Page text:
Smart cities: Challenges on the path to better living - Part 2
Although there are indicators that smart cities, underpinned by innovative technologies, have managed to revolutionize the lives of citizens, doubts around their efficiency in the context of privacy of personal data still arise.
After four years of preparation and debate, the EU Parliament enforced GDPR (General Data Protection Regulation) in 2018, designed to harmonize privacy laws across Europe. The regulation was put in action after it was acknowledged that there was an underdeveloped cybersecurity plan operating at a local level and that the handling of data by administrations was potentially problematic. 
The privacy issue typically revolves around education and transparency and opens a debate on what data is being collected, how it’s being monitored, how it’s being used, to whom it’s being sold, and what will be done with it in the future. 
One example of data-collecting procedures is the case of Antwerp, Belgium, where data on water consumption are stored by a private company, which signed a contract with the city. 
Furthermore, smart cities include certain types of surveillance technics which include strategically placed cameras across smart cities. This helps the city fight crimes at night and also determine the culprits who have committed crimes in public. Facial recognition is also a rising field, which tends to be implemented on a wide scale in order to make the place safer by identifying offenders the moment they are picked up by a camera. These types of measures are expected to reduce the number of accidents in a smart city.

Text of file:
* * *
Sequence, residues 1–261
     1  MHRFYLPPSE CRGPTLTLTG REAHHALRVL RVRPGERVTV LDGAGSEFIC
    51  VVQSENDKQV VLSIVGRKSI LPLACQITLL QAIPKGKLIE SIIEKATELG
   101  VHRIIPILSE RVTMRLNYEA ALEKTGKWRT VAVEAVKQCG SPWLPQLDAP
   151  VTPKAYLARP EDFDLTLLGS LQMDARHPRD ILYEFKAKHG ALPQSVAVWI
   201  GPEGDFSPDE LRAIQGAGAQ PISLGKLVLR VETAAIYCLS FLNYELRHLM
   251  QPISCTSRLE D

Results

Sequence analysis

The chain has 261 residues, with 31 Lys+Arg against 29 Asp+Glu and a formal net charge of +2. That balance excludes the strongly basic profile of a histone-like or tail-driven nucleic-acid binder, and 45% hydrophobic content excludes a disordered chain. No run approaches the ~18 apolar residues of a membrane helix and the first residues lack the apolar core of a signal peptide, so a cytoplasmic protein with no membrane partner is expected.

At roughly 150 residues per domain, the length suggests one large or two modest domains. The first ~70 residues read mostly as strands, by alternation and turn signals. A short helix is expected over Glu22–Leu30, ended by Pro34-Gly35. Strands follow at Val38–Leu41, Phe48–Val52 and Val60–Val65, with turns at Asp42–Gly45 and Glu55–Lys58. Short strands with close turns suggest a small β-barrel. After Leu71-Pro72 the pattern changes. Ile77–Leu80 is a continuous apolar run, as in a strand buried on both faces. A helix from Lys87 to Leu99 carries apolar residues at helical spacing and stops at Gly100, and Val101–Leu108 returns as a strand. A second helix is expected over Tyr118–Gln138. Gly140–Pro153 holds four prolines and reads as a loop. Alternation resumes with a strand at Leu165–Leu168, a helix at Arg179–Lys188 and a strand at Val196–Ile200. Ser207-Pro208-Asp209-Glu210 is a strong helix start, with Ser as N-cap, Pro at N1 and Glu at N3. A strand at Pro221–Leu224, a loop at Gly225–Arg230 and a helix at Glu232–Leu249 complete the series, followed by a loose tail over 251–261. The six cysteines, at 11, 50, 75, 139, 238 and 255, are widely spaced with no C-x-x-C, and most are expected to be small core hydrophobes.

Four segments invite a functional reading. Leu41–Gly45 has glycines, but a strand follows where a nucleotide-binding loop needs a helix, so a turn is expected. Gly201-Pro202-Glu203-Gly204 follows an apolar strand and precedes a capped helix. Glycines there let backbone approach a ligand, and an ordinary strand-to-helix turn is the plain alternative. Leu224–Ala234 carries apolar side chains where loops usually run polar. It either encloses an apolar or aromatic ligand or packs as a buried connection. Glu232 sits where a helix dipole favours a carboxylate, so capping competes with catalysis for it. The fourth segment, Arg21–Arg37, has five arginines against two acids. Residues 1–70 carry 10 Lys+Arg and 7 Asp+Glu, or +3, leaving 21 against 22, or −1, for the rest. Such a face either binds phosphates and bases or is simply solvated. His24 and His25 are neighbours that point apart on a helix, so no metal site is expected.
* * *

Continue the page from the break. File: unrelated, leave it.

Although privacy issues in the era of smart cities are frequently discussed as problematic in certain circles, facts show that, in some CESEE cities, surveillance seems to be, simply put, a burning necessity.
Just recently, in the capital of North Macedonia, a country persistently rejected for EU membership, nearly all newly-purchased trach containers placed on multiple locations in the city were systematically destroyed by an unidentified group of vandals. The trash containers were a donation by the city’s municipality and their cost was a total of EUR 1500 each.  Most certainly, there are a number of similar examples of vandalism that frequently occur in many, if not most CESEE cities.
Quite often, objects of cultural and natural heritage are vandalized as well, and in that context, the UN's aim to protect and safeguard them in accordance with SDG11 can be secured by the implementation of technology which is common in ‘smart cities’.